Endocrine Abstracts (2006) 11 P527

Origin and spread of the SDHD p.Y114C mutation causing head and neck paraganglioma in Trentino, Italy

F Schiavi1, Z Erlic1, T Savvoukidis1, S Demattè2, A Del Piano2, ME Cecchini2, P Amistà1, F Grego1, F Trabalzini1, M Hoffman3, A Schwentek3, F Mantero1, F Branz2, HPH Neumann3 & G Opocher1

1University of Padova, Padova, Italy; 2S.Chiara Hospital, Trento, Italy; 3Albert Ludwigs University, Freiburg, Germany.

Head and neck paragangliomas (HNPs) are tumors derived from the neuroectoderm. HNPs are generally hormonally silent and often asymptomatic. They can be part of the Pheochromocytoma/ Paraganglioma Syndrome, due to mutations of SDHB, SDHC and SDHD genes. SDHD founder effects have been described in the Netherland, USA, Italy and Spain.

We identified a new founder effect in a small geographic area (Valsugana-Trentino, actually 50.000 inhabitants), with high anecdotic incidence of HNP. Twelve unrelated kindreds with HNP presented the SDHD c.341G>C p.Y114C mutation.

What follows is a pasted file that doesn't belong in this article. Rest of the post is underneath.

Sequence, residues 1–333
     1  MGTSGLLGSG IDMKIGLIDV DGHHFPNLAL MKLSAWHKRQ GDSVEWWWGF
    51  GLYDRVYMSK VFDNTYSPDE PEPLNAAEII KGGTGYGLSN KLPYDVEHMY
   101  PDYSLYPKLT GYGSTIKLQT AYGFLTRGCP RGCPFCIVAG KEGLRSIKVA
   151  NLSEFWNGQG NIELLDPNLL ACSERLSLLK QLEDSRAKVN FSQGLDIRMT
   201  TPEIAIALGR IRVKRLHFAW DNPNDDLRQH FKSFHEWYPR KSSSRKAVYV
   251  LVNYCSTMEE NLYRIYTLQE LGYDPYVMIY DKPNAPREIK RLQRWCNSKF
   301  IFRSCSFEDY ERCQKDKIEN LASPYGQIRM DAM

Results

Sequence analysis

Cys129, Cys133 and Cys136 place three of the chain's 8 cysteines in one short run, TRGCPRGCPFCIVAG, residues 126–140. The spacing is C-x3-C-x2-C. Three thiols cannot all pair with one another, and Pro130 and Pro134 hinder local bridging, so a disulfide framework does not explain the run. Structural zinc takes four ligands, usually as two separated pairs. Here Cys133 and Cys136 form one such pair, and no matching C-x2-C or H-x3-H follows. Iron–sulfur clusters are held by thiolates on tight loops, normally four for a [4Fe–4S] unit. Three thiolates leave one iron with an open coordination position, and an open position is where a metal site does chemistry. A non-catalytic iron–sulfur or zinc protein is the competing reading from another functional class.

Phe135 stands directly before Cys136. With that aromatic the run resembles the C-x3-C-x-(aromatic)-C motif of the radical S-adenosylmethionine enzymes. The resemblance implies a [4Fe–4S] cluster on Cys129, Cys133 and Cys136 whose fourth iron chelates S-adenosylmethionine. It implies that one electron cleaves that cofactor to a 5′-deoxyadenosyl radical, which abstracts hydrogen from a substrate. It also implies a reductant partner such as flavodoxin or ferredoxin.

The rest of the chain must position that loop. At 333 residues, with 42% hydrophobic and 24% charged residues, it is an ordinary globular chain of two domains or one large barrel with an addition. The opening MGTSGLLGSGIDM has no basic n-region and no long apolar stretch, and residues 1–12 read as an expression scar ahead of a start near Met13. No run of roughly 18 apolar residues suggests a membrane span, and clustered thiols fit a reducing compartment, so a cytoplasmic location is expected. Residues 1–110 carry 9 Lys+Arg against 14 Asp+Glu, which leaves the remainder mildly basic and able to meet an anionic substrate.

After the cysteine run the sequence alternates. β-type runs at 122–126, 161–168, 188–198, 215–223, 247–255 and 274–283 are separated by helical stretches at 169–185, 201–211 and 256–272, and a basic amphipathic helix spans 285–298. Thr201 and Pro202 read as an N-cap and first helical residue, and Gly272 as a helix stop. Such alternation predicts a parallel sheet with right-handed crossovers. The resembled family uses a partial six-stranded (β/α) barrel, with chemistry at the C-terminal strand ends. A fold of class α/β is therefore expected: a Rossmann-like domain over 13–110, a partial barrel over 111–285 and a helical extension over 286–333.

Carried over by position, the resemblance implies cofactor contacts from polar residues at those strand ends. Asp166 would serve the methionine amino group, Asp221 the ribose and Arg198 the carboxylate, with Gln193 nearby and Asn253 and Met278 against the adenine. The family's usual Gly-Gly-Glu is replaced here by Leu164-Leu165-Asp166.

We extended the genealogies and draw some of the family tree up to 1750 without identifing a common ancestor.

Haplotype have been studied using 5 polymorphic markers spanning 360 kb around SDHD gene. A conserved haplotype was identified in SDHD c.341G>C chromosomes from the Trentino families suggesting the occurence of a common founder.

The SDHD c.341G>C mutation was present also in 4 German and 1 Polish families. Two German families presented the same haplotype, instead it was different in the Polish family and in other two German families. The three haplotypes probably derived from a single ancestral haplotype, as the differences among them could be explained with one independent recombination event in each.

There could be an ancient link between Italian, German and Polish families: one of the three valley in which we identified this founder effect, named Val dei Mocheni, was settled in the 13th century by German farmers, originary from Baviera and Boemia. This comunity never integred in the social environment, and the dialect they currently speak derive from the ancient German language.

We hypothesize that a German ancestor with the SDHD c.341G>C mutation was part of the group who settled the Val dei Mocheni, and that the cultural and geographical isolation caused the bottleneck effect, explaining the spread of SDHDc.341G>C-linked HNPs in this population.